Ormsby Zoo Days continued its time-honored tradition of celebrating things Lawrentians seem to love most: spring, student organizations and music. The annual event on the lawn in front of Ormsby and Main Hall Green was a chance to find reprieve from the stress of academics, enjoy the warm weather and good, old-fashioned fun.
Zoo Days incorporated a variety of lawn games, colorful “blow-up” activities, such as the bouncy slide and the crowd-favorite, sumo wrestling fight. There was also live music and fair food to enjoy.
The event managed to marry the frivolity of a spring carnival with the love for social causes that Lawrence students have. For example, V-Day, an organization advocating the end of the assault against women, allowed students to create their own colorful posters with anti-rape and assault slogans. Yet, at the same time, students were able to indulge in simple pleasures like cotton candy and bean bag tosses.
Ormsby’s event has been around long enough to be a beloved tradition. While there doesn’t seem to be a concrete date of origin, it has been said that the event died out during the 1980s and made its return in 1999. Now, it shows no sign of disappearing.
Ormsby Residence Hall Director and Leadership Development Coordinator Christina Martinez ’06 attributed the longevity and success of the event to the students and organizations who take on the responsibility of organizing the event.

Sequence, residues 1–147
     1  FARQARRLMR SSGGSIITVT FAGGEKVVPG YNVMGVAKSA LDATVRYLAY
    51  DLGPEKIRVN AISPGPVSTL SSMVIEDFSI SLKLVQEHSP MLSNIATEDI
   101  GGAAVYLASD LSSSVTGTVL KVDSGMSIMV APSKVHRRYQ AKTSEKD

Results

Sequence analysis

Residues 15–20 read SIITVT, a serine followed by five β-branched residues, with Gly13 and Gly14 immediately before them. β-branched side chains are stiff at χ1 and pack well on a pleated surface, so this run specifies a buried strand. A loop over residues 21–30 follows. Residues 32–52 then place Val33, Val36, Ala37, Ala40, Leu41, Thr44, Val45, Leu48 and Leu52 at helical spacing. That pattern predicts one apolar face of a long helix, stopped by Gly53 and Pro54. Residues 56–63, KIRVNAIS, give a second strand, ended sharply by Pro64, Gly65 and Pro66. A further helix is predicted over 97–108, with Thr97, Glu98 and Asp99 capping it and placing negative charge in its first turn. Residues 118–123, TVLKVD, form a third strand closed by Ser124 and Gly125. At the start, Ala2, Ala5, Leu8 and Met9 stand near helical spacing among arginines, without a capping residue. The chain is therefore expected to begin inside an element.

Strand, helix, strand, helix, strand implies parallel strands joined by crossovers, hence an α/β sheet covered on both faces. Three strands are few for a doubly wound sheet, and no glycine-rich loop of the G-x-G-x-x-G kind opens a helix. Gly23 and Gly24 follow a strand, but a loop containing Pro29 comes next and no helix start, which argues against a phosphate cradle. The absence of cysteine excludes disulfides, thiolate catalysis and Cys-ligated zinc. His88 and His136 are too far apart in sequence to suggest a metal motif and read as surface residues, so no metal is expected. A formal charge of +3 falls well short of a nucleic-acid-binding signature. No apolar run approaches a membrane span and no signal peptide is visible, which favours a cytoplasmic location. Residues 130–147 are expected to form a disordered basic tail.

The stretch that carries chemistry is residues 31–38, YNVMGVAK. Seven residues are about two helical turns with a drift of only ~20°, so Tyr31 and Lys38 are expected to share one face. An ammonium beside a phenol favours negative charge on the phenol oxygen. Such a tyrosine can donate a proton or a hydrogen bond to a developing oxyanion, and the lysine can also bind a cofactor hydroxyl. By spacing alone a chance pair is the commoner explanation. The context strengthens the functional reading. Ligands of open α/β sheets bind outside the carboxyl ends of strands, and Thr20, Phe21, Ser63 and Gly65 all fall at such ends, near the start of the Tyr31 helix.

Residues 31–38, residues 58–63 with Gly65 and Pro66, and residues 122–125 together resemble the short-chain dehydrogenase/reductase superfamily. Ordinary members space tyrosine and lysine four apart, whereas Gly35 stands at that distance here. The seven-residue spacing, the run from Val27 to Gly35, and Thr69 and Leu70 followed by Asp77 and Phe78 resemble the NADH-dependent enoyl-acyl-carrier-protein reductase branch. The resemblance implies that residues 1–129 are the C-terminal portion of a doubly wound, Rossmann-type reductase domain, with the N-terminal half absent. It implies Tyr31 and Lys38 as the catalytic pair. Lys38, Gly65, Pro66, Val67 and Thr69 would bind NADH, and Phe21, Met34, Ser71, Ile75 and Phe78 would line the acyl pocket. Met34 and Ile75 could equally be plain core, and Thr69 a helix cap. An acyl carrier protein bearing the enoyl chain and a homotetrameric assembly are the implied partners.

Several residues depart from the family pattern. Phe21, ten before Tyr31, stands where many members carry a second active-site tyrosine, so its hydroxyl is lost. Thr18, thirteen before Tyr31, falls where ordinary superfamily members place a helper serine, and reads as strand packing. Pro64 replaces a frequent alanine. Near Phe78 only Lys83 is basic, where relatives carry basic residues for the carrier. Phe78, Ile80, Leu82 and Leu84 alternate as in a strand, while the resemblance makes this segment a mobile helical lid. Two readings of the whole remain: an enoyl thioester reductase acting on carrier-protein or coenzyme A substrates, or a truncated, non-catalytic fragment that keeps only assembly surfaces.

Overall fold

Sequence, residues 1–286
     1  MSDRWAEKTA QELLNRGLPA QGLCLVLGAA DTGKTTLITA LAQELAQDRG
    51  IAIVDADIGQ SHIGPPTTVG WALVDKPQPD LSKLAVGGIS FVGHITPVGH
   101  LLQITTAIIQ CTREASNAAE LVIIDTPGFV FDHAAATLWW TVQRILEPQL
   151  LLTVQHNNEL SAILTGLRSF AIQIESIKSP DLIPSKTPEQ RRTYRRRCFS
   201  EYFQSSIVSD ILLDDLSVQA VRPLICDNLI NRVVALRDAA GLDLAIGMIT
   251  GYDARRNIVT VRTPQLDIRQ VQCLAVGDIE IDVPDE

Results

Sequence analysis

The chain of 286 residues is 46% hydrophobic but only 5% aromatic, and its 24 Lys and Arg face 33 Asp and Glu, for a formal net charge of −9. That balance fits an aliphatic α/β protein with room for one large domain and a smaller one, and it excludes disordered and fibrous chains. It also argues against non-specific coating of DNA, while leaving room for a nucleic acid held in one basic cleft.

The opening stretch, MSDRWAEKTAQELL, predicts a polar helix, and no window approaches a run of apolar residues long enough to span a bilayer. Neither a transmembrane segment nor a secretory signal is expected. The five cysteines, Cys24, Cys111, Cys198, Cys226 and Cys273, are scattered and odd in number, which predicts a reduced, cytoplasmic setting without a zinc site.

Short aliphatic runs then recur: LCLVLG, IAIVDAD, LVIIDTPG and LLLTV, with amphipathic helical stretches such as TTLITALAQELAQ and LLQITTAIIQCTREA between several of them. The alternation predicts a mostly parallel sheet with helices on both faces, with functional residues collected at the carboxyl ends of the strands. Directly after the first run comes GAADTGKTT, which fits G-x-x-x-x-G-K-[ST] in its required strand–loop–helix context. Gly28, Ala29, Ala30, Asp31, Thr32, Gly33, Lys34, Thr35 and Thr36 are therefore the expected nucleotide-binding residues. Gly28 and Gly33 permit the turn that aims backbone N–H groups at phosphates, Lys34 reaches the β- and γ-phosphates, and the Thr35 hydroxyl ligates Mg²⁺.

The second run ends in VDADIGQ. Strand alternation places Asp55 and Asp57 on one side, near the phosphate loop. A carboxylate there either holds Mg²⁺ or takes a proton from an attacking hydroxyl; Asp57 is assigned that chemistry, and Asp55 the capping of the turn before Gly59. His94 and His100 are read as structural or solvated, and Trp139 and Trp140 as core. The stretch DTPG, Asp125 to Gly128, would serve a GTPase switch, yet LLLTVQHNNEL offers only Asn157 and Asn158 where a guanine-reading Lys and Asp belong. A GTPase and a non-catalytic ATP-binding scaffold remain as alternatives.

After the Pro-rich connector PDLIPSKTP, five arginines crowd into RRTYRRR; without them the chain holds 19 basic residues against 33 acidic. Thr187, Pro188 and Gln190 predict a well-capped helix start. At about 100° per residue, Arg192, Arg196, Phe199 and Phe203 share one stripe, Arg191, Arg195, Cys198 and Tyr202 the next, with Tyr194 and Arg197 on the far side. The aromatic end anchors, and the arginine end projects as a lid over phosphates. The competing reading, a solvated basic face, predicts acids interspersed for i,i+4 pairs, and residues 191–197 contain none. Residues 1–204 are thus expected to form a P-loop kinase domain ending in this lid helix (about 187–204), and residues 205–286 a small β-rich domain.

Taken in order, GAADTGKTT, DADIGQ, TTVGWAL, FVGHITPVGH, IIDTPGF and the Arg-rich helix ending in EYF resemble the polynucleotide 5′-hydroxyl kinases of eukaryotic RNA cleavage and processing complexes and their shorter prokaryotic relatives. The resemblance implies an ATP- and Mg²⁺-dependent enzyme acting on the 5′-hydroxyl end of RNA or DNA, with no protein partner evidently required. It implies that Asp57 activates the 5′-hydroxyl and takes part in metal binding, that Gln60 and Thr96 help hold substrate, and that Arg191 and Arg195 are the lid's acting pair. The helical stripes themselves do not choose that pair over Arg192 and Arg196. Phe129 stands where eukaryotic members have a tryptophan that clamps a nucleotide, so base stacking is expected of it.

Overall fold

Commented Martinez, “[Zoo Days] continues to exist only because there continues to be students interested in contributing and participating. The great majority of Zoo Days is student group participation.”
Like many Lawrence events, different student organizations took it as an opportunity to table or raise money for their various causes. Some took only cash, which sometimes limited the availability of donations as many students don’t usually carry cash with them.
Several of these student groups even held their own sub-events as part of Zoo Days. The morning hours saw students stretching outside Warch in preparation for GlobeMed’s 5k Fun(d) Run.
On the Main Hall Green, a shanty town emerged as Habitat for Humanity had an ongoing ‘Shack-a-thon’ to raise awareness of the conditions of homeless-living. Groups used discarded materials to creatively make their own shelter.
Habitat member and sophomore Emily McLane saw Shack-a-Thon as the embodiment of the fun-social activism hybrid.
Said McLane: “”I think it was a really good learning experience about [the conditions] some people have to live through every day but it was also a really fun social event. Some groups even stayed in their shacks overnight.” She added, “Hopefully there will be even more participation next year.”
Amnesty International also held “Jamnesty,” a festival of student bands that added a lively soundtrack to the event and showcased talented musicians that went into the evening.
Even though this year didn’t see the usual catered picnic by Bon App**e**tit, a traditional focal point to the event, people still came and stayed at the event.
It attracted student and passers-by alike, and even a couple of faculty and their families could be spotted at the event. This seemed to exhibit that the event pleased all parties with its approachable, family-friendly environment, something which is not always the case with college-age events.
Sophomore Lindsay Browne, a resident of Ormsby, who was getting her face painted as a pirate, reflected on the lightness of the events: “I really enjoyed just making a bracelet… oh, and watching the Sumo-wrestling.”